Power Protection

A very important factor that is often neglected is the supply of power to your PC. If you live in an area with frequent power outages, regular brownouts or in a house with bad wiring, this could cause data loss on your PC. To prevent this, you should consider getting an uninterruptable power supply, or UPS. It will alert you when the power drops or completely disappears, and provide you with 5 to 10 minutes (depending on the model) of battery power to give you time to save your data and shutdown your PC properly.

You can find out more about how to protect yourself against power problems in our Uninterruptable Power Supply tutorial.

 

Cooling

There is a lot of heat produced inside your PC, mainly by the main processor, but also by other devices like CD drives, hard drives, video cards, etc. If the temperature gets too high, your PC will start behaving very oddly including crashes. Make sure that you have proper cooling inside the case, preferably one fan that blows cool air into the case and another fan that pushes the warm air out. Your PC should have some room to breathe, don’t cram it into a tight corner. Check that the fans are not cover by dust.

You can find out more about how to keep your PC cool in our PC Cooling tutorial.

Virus Protection

Every time you download a file from the Internet, get a floppy from a friend, bring a file home from work, you expose your PC to the risk of getting a virus. Viruses can be very devastating on your PC, including corrupted files, deleted files and erased hard drives. To protect yourself, you should install professional anti-virus software.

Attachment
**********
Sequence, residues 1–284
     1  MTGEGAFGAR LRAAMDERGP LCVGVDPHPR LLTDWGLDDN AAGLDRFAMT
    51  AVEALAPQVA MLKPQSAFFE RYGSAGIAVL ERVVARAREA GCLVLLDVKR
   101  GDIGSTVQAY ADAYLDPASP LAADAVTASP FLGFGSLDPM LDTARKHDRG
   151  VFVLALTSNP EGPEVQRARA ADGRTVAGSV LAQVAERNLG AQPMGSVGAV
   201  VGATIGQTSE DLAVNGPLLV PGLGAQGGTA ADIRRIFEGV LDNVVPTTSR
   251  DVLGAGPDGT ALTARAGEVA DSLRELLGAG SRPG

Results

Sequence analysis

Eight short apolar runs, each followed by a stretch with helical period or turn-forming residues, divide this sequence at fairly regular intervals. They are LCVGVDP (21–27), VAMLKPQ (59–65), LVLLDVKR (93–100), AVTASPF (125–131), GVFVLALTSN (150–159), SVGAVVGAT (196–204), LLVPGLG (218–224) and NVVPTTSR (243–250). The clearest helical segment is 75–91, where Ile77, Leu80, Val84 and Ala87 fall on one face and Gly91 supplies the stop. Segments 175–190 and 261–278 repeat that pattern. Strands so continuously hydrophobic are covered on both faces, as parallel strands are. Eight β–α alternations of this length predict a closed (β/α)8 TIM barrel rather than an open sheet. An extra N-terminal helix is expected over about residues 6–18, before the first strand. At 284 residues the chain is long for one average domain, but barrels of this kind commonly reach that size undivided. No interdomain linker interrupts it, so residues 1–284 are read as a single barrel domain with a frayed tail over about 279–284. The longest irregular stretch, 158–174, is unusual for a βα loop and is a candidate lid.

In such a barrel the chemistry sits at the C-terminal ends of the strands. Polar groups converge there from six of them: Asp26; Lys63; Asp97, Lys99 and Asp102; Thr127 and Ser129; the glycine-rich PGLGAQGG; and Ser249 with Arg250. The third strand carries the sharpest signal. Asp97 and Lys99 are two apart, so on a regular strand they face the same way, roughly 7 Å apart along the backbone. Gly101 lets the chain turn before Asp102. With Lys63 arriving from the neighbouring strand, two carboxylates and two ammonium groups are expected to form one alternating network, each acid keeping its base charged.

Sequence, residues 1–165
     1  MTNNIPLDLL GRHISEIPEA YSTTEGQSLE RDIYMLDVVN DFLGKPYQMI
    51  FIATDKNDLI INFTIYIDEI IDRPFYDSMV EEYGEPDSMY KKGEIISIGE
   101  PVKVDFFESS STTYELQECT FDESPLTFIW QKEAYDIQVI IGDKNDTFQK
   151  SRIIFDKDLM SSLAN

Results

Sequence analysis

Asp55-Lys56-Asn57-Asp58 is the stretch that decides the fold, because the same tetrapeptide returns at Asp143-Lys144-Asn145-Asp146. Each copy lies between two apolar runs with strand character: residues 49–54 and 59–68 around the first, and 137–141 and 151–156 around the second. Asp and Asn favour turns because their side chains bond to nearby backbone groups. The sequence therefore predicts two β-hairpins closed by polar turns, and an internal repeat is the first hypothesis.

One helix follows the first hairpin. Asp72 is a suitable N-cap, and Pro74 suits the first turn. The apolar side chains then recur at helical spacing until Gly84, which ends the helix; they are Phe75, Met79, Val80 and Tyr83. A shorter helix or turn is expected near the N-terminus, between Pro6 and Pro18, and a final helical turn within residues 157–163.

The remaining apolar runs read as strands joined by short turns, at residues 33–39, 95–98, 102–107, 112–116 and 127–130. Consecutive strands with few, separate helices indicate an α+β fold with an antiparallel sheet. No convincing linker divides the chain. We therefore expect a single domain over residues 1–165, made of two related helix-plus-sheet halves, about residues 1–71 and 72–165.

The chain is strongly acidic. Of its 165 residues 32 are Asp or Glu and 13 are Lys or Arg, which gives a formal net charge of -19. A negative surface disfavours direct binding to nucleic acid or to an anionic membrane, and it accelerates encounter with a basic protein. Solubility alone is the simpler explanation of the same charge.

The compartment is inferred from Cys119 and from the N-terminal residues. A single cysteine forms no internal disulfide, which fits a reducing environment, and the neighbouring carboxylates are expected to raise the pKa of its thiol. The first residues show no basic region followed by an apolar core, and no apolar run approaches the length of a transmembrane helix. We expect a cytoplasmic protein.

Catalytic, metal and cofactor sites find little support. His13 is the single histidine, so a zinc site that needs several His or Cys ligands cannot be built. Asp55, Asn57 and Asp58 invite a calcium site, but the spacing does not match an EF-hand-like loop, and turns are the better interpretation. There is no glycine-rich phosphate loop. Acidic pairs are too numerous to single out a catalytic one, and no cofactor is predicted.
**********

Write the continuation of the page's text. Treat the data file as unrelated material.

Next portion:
You can find out more about how to protect yourself against viruses in our Antivirus tutorial.

Stay Current

If you are running old programs that were designed for Windows 3.x you should see if there is a newer version available that was designed for Windows 95/98. Also, about once a year you should make a list of all the hardware that you have installed on your PC, such as video card, printer, sound card, etc. and visit the manufacturer’s web site to see if there are newer drivers available.

You can find out more about how to keep your drivers current in our Device Driver tutorial.

Keep it clean

The more programs you run, the higher your chances for crashes are. Don’t install programs without doing some research first. If you don’t use a program anymore, uninstall it. If it is a beta version, it does not belong on a PC that has important data on it. Be especially careful with little unknown or custom written programs that you download from the Internet. It could contain a virus or could be written by a hobby programmer with good intentions but bad QA skills.

You can find out more about how to troubleshoot conflicting applications in our Troubleshooting tutorial.

Third Party Utilities

Be careful with all those third party utilities out there, such as uninstaller, diagnostic, optimization and other programs. A lot of them are very intrusive on your system and cause more problems than they fix – and the few they actually fix, are often caused by themselves. The only party benefiting from them is the manufacturer who rakes in your cash. Windows 98 already comes with many diagnostic tools that make most of the third party utilities redundant. The only two tools that don’t come with Windows and that have proven to be invaluable for me are Norton Antivirus and Partition Magic.

– Alex –